Telephone Consumer Protection Act (“TCPA”) plaintiffs often file putative class actions seeking potentially crippling statutory damages. Not surprisingly, TCPA defendants often seek an early dismissal based on Spokeo, Inc. v. Robins, 136 S. Ct. 1540 (2016), particularly when the named plaintiff alleges minor, technical TCPA violations. The Spokeo argument typically contends that, despite a technical violation of the TCPA, the plaintiff has not suffered a “concrete injury” sufficient to confer Article III standing. Following the Ninth Circuit, the Third Circuit recently rejected this defense. See Susinno v. Work Out World Inc., No. 16-3277, 2017 WL 2925432 (3d Cir. July 10, 2017); Van Patten v. Vertical Fitness Group, LLC, 847 F.3d 1037, 1043 (9th Cir. 2017). Particularly after the Third Circuit’s decision in Susinno earlier this month, some observers are questioning the viability of Spokeo arguments in TCPA cases, but consideration of these cases in context reveals that this conclusion may be somewhat premature.
The Susinno complaint alleged what can only be described as a minor TCPA violation. The named plaintiff claimed that the defendant fitness company placed a single, unsolicited, and unanswered call to her cell phone and left a one-minute voicemail message. 2017 WL 2925432, at *1. The district court found this insufficient to establish standing, finding a single solicitation not “‘the type of case that Congress was trying to protect people against’” and that the plaintiff suffered no concrete injury. Id.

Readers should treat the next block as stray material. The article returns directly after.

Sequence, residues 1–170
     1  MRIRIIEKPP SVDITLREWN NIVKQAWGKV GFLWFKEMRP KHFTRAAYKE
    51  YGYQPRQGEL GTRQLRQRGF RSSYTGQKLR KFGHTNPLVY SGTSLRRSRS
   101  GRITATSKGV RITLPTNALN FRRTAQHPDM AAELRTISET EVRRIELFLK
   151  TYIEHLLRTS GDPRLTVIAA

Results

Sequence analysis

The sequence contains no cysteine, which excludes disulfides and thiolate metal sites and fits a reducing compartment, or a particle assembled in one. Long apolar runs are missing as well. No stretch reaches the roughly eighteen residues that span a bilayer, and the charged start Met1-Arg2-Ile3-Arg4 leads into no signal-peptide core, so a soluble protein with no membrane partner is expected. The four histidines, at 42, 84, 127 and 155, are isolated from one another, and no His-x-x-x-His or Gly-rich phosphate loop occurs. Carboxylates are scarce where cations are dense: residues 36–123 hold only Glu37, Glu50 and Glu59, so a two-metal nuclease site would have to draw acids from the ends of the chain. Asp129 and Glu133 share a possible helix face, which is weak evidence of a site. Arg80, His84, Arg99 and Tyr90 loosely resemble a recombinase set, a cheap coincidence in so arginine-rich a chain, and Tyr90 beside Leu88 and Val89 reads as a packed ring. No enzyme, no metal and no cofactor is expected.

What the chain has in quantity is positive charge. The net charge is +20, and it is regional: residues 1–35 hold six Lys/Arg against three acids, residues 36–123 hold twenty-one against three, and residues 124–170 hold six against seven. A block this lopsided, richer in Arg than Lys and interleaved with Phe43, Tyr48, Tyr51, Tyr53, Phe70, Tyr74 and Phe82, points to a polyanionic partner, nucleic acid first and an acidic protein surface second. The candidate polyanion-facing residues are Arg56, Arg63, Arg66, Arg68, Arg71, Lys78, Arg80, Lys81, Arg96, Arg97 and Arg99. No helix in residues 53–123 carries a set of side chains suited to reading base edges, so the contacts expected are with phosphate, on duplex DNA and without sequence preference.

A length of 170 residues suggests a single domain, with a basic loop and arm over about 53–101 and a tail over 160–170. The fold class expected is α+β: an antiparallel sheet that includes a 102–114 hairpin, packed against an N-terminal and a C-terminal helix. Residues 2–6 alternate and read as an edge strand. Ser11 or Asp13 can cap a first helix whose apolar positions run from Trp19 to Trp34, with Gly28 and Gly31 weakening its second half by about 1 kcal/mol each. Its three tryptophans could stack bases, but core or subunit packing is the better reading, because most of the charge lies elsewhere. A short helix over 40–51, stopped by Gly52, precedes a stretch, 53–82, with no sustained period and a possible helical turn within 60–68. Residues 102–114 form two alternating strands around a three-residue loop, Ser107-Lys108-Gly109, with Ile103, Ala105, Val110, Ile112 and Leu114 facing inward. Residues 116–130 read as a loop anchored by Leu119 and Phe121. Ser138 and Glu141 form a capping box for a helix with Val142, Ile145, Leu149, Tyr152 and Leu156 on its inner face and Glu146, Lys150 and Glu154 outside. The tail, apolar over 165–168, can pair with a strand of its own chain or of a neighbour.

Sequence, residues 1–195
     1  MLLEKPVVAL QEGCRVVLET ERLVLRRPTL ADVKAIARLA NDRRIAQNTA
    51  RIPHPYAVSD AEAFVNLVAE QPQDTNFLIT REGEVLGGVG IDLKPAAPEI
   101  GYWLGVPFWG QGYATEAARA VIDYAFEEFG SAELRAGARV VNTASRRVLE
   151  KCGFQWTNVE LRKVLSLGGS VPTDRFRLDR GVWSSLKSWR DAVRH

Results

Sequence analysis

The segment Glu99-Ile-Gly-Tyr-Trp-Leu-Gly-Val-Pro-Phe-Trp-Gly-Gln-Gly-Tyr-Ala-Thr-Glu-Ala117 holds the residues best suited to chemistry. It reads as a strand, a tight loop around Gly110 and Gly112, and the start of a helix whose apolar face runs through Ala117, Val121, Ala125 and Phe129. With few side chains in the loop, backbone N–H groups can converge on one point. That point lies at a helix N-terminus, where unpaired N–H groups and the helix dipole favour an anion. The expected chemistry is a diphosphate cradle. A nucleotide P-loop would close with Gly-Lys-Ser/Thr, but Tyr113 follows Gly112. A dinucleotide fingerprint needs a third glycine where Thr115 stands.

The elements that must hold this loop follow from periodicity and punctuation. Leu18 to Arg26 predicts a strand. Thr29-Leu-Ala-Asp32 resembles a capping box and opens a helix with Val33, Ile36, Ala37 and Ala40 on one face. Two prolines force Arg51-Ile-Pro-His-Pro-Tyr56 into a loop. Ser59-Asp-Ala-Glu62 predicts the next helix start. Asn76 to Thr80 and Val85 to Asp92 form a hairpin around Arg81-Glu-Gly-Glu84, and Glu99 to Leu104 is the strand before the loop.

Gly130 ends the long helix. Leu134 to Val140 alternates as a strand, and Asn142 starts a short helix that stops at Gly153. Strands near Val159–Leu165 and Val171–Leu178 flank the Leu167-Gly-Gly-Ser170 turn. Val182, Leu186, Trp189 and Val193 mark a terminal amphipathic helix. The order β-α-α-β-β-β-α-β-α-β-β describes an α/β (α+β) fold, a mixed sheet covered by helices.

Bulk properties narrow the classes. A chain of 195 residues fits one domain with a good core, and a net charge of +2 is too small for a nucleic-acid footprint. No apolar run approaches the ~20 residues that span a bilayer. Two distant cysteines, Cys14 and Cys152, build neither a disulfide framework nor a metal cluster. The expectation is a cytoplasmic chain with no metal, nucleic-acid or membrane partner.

Following In re Horizon Healthcare Services Inc. Data Breach Litigation, 846 F.3d 625 (3d Cir. 2017), the Third Circuit broadly interpreted Spokeo to provide standing where a party brings a statutory claim “alleging ‘the very injury [the statute] is intended to prevent,’ and the injury ‘has a close relationship to a harm … traditionally … providing a basis for a lawsuit in English or American courts.’” 2017 WL 2925432, at *4 (citing Horizon, 846 F.3d at 638-40). In the Third Circuit’s view, the Susinno plaintiff met this standard because: (1) the TCPA “addresses itself directly to single prerecorded calls” for the purpose of protecting consumers’ interests in privacy and avoidance of nuisances, and (2) in enacting the TCPA, Congress sought to protect the same interests implicated in the traditional common law cause of action for invasion of privacy. Id. Thus, Plaintiff’s claim of nuisance and an invasion of privacy sufficed. Id.
The Third Circuit also favorably cited Van Patten v. Vertical Fitness Group, LLC, 847 F.3d 1037, 1040-41 (9th Cir. 2017), where the Ninth Circuit found standing under Spokeo where the plaintiff received two unwanted text messages from a fitness company. In the Ninth Circuit’s view, the plaintiff possessed standing because “[t]he TCPA establishes the substantive right to be free from certain types of phone calls and texts absent consumer consent” and “[u]nsolicited telemarketing phone calls or text messages, by their nature, invade the privacy and disturb the solitude of their recipients.” Id. at 1043. As a technical matter, however, the Van Patten decision holds only that the plaintiff sufficiently alleged standing, and the court did not engage in a detailed factual analysis even though the case had proceeded to the summary judgment phase. Id. at 1040.
Key takeaways. The Susinno decision demonstrates that, when confronted with a complaint alleging that the plaintiff incurred the type of harm the TCPA seeks to address, at least some post-Spokeo courts will remain hesitant to find a lack of standing. In these jurisdictions, Rule 12 motions to dismiss will largely be unsuccessful. A defendant might be better served by deposing the plaintiff and developing direct evidence that the plaintiff’s alleged harms are inconsequential, and hoping that a fact-based attack on the standing issue will produce a dismissal on summary judgment.